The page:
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Westmoreland Co. Pays Big Bucks for Reservoir Testing 8 Yrs Later

In 2011, the Municipal Authority of Westmoreland County, PA began a new water testing and monitoring program for the Beaver Run Reservoir which supplies water to about 150,000 residents (see Westmoreland County, PA Municipal Authority Initiates New Water Testing for Reservoir Located Near Marcellus Drilling). CONSOL Energy (now CNX Resources) had 100 shallow gas wells on municipal property near the Reservoir, and at the time had started to drill Marcellus Shale wells. The Authority also leased land near the reservoir to Dominion Resources, which ended up drilling more than a dozen shale wells on the property. The water testing program was precautionary, to ensure water is not being affected by nearby drilling activity. The Municipal Authority contracted with Indiana University of Pennsylvania (IUP) to do the monitoring and testing. The early results showed no impact from testing (see Water Tests at PA Reservoir Show No Affects from Gas Drilling). Over the years, the Authority continued to award contracts year after year to IUP–starting at $55,000 and going as high as $100,000 (see Pricetag to Test Water at Reservoir Near CONSOL Drilling Goes Up). The Authority renewed their contract with IUP in 2016 for $85,000 (see Beaver Run Reservoir Tests Since 2011 Show No Harm from Drilling). And they’ve just done it again, paying IUP $99,000 to test water quality, and another for $24,700 to test the air at the reservoir. Our point: Since the first tests began more than eight years ago, there have been a number of shale wells drilled on the property next to the reservoir–and there has been NO negative impacts from shale drilling in all that time…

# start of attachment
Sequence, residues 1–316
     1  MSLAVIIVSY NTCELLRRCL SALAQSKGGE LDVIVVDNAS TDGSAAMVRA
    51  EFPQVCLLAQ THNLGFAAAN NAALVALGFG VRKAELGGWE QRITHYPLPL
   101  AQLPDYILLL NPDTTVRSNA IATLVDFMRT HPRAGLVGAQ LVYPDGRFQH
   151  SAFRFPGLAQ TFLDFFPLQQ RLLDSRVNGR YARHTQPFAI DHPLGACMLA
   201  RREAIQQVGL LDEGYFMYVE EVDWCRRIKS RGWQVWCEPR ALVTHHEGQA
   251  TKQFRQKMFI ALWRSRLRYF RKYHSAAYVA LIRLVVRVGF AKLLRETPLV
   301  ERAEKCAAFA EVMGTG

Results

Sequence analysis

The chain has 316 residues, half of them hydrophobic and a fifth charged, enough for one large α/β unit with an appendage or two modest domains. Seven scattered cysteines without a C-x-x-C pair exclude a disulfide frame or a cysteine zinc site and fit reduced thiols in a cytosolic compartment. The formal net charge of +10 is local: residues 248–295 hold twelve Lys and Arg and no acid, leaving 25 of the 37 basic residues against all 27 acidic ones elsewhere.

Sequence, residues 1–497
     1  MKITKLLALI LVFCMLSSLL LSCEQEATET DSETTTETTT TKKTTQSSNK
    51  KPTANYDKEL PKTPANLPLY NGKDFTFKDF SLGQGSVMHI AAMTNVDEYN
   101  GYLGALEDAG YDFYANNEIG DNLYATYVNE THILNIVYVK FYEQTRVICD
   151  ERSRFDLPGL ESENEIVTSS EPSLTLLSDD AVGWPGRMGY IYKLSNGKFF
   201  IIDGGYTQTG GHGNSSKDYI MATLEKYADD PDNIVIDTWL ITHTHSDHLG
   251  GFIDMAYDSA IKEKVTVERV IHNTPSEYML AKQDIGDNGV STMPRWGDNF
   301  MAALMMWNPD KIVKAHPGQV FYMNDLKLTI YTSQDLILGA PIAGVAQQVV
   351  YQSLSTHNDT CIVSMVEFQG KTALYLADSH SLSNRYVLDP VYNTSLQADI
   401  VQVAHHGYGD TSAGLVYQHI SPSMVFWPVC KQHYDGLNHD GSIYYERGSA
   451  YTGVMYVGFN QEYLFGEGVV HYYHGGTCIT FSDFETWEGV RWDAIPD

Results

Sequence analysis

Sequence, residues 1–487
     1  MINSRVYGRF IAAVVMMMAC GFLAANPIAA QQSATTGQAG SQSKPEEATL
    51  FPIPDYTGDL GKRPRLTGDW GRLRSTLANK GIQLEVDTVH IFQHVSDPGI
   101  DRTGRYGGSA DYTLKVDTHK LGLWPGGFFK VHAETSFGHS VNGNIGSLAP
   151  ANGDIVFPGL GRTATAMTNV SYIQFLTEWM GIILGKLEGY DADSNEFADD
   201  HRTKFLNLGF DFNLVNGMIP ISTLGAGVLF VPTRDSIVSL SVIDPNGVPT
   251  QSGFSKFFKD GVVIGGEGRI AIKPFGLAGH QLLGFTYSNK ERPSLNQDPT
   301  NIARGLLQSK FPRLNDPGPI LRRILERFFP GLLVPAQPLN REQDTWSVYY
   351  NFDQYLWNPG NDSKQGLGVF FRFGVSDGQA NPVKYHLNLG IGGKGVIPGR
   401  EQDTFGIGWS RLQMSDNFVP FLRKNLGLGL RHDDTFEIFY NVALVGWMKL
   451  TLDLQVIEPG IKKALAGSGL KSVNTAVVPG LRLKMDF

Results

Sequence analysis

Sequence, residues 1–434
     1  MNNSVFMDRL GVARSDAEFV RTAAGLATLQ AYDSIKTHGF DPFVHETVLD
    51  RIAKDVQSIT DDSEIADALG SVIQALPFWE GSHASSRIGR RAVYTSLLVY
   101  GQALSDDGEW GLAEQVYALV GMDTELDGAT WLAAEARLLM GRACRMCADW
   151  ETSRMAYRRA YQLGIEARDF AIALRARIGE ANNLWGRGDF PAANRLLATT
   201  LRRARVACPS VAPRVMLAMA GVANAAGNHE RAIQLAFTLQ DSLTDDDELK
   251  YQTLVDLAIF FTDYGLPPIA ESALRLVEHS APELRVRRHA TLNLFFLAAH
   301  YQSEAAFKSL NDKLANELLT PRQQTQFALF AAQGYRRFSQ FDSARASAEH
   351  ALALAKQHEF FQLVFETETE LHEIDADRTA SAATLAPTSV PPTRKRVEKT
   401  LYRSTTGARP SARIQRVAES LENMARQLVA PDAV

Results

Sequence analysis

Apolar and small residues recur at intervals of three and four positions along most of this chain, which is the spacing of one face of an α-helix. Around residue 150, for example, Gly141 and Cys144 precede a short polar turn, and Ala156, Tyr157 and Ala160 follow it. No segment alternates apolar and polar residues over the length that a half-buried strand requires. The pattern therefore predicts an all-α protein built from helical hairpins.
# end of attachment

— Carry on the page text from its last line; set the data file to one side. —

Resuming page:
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Financial Checkup for Marcellus/Utica Drillers

RBN Energy, headed by founder Rusty Braziel (co-founder of Bentek Energy), is, in our opinion, the premier oil and gas analytics firm out there. Smart people working at RBN. And they offer up some amazing content on their blog site–for free! At least it’s free for a while, then it goes behind a paywall. A few days ago RBN published a blog post on the financial health for the 44 major publicly-traded U.S. exploration and production companies (drillers). RBN groups them into three categories: Oil-Weighted, Diversified, and Gas-Weighted. We found the Gas-Weighted list of 10 companies and the information revealed about them to be fascinating and worth studying. Each of the companies has major operations in the Marcellus/Utica–some of them totally focused on our region. Among the data points shared: revenue, production costs, lifting costs and more. We think of the following as a handy financial health scorecard/checkup for 10 of the biggest drillers in the M-U, including Antero Resources, Cabot Oil & Gas, Chesapeake Energy, CNX Resources, EQT, Gulfport Energy, National Fuel Gas (Seneca Resources), Range Resources, Southwestern Energy, and Ultra Petroleum…
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Average Workers at Top Marcellus Drillers Make $100K+ Salary